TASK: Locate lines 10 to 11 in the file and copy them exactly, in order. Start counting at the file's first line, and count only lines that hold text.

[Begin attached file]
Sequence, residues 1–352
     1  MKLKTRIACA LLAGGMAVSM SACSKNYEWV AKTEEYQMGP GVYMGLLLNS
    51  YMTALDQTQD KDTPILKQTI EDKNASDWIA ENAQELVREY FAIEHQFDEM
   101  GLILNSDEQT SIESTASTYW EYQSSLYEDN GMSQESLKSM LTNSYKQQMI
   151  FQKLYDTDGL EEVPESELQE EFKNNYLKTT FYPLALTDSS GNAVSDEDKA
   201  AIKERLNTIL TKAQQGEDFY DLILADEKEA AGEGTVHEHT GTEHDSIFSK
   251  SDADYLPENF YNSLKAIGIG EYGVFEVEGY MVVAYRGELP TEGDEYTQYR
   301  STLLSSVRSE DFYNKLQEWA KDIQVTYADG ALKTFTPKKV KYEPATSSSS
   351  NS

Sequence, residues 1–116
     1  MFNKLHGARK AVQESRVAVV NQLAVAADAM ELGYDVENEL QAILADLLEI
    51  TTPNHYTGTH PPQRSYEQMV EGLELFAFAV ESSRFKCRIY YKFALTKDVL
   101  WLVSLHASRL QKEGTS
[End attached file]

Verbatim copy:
Sequence, residues 1–116
     1  MFNKLHGARK AVQESRVAVV NQLAVAADAM ELGYDVENEL QAILADLLEI